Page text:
When she and her friends started snorting “chiva” in high school, Alma Cortes says they told themselves they weren’t doing heroin.
“It was OK – we weren’t sticking a needle in our arms,” she said in a recent interview. “We were naive that way.”
That was 17 years ago in Grapevine, Texas, and heroin was the drug of choice at her high school.
“The first time I used, I threw up, got sick all the next day,” Cortes said. “But the high was so intense, I kept using it. The stuff was so pure, there were a lot of ODs.”
Since then, it has been 17 years of using heroin, kicking her addiction and using heroin again. She figures she’s kicked her habit 10 times and fallen back into the habit 11 times.
“I’d be clean for years and think, ‘I can get high just this once’, but you don’t, you like it too much,” she says. “I would stop and start. Each time, it was harder to stop.”
Now she’s 6 1/2 months pregnant.
“I’ve taken college biology classes. I know what happens to the babies of addicts. I didn’t want that to happen. I tried never to get pregnant.”
But about five months ago she realized she was pregnant.
“I started to try and kick on my own. Not use for three or four days, or just enough to keep from getting sick.
“I knew what it was going to do to a baby. I didn’t want to have a baby in addiction.”
Living in Roswell, she had to travel to Carlsbad to see a doctor who was approved to use Suboxone, a drug used to help addicts stop using heroin.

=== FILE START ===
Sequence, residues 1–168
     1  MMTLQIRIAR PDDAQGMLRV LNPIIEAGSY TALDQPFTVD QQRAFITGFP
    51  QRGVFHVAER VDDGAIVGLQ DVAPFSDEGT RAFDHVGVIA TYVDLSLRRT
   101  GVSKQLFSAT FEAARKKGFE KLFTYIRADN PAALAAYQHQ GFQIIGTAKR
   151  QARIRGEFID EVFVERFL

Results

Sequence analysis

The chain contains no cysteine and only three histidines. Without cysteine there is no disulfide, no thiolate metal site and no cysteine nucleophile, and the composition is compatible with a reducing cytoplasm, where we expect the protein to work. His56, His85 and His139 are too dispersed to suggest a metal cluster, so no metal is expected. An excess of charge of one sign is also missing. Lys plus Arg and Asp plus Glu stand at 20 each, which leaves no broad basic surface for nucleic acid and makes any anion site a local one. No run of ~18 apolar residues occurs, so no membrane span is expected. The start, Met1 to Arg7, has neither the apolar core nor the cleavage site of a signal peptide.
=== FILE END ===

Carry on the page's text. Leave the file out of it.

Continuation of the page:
“This is how crazy addiction is,” Cortes said. “You know that you can’t get high from heroin when you take Suboxen, but guess what, I had to try it. Tried it twice. Didn’t work. How crazy is that?”
Because she had “dirty” urine tests, her doctor said he couldn’t keep treating her.
“He was very frustrated with me,” she said.
Two months ago, she decided to seek out an inpatient program, and her mother took her to UNM Hospital, where she was examined and evaluated.
She’s now at the Milagro program for pregnant addicts run by Bernalillo County’s Department of Substance Abuse Programs, the state Department of Health and the University of New Mexico.
There are eight beds, and mothers of newborns are allowed to stay in the furnished apartments.
She’s on Methadone, but the doctors tell her they know how to deal with babies born addicted to methadone.
“It wasn’t just luck to get in here; it was a miracle. I’m getting counseling. I’m getting the checkups. I’m in a safe place,” she said. “Now I’ve got to commit to being clean for my baby boy.”
She hasn’t decided on the baby’s name yet.